Management Issue 11: American Recovery and Reinvestment Act Accountability and Transparency

As the Nation faced what is generally reported to be the most serious economic crisis since the Great Depression, the Recovery Act was enacted in 2009 to promote economic recovery and minimize the impact of the recession. The Congressional Budget Office (CBO) originally projected that the Recovery Act’s combined spending and tax provisions would cost $787 billion over 10 years, including more than $499 billion in additional Federal spending and $288 billion in tax relief. The objectives of the Recovery Act include preserving and creating jobs, assisting those most affected by the recession; increasing economic efficiency by investing in technological advances in science and health; investing in transportation, environmental protection, and other infrastructure that will provide long-term economic benefits; and stabilizing State and local budgets. The Recovery Act provides $141.4 billion to the Department to provide additional Federal assistance for health care, public health and human services programs, and to invest in research and health information technology (health IT), as estimated in the 2011 President’s Budget. This amount includes $4.3 billion in the form of reduced contributions for prescription drug costs for additional fiscal relief to the States in addition to the funding in direct provisions from the Recovery Act. The magnitude of expenditures and the potential impact of this funding on the economy, Federal and State budgets, program beneficiaries, and taxpayers make it critical that Recovery Act funds be used efficiently and effectively and be protected from fraud, waste, and abuse. The Department’s Recovery Act funding spans a range of agencies and programs. Some of the more significant funding is for:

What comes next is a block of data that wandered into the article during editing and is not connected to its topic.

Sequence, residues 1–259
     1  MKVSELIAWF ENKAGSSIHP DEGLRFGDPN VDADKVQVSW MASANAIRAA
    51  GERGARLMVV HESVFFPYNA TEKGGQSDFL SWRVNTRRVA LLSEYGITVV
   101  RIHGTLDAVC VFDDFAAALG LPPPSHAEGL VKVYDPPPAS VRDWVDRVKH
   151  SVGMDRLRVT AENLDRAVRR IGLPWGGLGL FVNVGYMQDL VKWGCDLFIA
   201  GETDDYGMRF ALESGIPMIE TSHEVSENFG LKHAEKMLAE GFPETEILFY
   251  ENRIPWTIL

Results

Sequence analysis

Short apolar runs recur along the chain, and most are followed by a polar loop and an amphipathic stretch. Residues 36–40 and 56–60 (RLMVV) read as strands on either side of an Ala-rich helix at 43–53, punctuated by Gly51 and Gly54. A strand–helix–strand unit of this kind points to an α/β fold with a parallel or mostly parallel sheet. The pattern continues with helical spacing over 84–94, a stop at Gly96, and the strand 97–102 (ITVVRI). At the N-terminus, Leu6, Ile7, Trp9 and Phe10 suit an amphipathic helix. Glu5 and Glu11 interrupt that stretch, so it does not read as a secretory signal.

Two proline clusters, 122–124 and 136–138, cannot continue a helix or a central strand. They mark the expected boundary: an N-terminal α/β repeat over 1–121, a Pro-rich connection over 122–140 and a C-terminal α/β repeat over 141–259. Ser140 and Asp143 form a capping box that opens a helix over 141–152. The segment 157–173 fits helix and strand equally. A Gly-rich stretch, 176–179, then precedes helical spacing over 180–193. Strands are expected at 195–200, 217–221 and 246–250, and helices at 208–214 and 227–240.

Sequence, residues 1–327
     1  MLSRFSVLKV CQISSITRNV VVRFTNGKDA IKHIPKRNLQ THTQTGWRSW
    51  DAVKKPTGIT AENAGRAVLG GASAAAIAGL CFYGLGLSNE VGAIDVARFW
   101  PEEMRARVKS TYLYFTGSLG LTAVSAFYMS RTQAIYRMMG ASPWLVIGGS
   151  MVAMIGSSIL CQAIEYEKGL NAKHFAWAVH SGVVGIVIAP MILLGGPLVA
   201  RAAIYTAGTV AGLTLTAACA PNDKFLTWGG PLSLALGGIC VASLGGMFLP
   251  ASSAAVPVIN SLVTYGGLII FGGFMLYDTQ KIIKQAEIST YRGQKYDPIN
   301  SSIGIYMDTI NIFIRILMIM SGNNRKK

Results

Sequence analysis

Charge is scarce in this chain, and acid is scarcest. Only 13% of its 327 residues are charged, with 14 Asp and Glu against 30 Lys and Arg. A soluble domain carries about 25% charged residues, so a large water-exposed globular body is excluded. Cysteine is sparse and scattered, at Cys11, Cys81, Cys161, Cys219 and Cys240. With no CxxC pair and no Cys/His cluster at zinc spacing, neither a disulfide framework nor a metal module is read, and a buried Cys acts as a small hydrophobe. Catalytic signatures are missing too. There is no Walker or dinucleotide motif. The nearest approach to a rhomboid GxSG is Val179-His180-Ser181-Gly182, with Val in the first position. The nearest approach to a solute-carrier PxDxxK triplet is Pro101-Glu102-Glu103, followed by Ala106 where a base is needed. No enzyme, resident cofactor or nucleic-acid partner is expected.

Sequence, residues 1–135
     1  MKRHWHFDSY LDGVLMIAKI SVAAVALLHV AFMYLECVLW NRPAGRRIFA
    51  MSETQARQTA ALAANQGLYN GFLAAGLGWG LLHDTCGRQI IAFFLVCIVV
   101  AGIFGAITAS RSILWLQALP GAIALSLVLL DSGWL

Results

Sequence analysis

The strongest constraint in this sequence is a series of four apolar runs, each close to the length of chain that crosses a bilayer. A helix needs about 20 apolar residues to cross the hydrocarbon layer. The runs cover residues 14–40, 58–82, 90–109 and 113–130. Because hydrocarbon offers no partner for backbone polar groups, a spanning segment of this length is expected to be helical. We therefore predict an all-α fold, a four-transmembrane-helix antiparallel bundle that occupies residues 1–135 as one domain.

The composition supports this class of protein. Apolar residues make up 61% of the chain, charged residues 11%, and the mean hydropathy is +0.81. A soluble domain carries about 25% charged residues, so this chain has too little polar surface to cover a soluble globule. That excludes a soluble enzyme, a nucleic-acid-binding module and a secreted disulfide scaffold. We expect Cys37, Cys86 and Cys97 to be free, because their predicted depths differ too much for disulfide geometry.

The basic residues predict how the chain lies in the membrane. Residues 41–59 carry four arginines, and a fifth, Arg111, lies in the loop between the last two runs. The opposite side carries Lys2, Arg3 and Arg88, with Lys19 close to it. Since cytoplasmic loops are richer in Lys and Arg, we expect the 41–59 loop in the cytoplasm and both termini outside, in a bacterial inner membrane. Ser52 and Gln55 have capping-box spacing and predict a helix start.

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Medicaid – improving and preserving health care by providing an estimated $84.5 billion temporary increase in the FMAP. Health IT – accelerating the adoption of health IT by (1) providing the Office of the National Coordinator with $2 billion for Health Information Technology to coordinate Federal health IT policy and programs and foster the electronic use and exchange of health information and (2) by providing CMS with an estimated $25 billion to make incentive payments to encourage physicians and hospitals to adopt “meaningful use” of certified electronic health records starting in 2011. (“Meaningful use” of health IT is the standard established in the Recovery Act, and defined by CMS, that must be met for a hospital or eligible professional to receive incentive payments.) Children and Families – improving services to children and communities by providing ACF with more than $13.2 billion to temporarily expand the Temporary Assistance for Needy Families Program (TANF), Child Support Enforcement, Foster Care FMAP, Head Start and Early Head Start, Child Care Development, and community services programs. Research – strengthening scientific research and facilities by providing $10.4 billion to NIH. Health Care – strengthening community health care services by providing HRSA with $2.5 billion to renovate and construct new centers, to expand health care services, and to train health care professionals.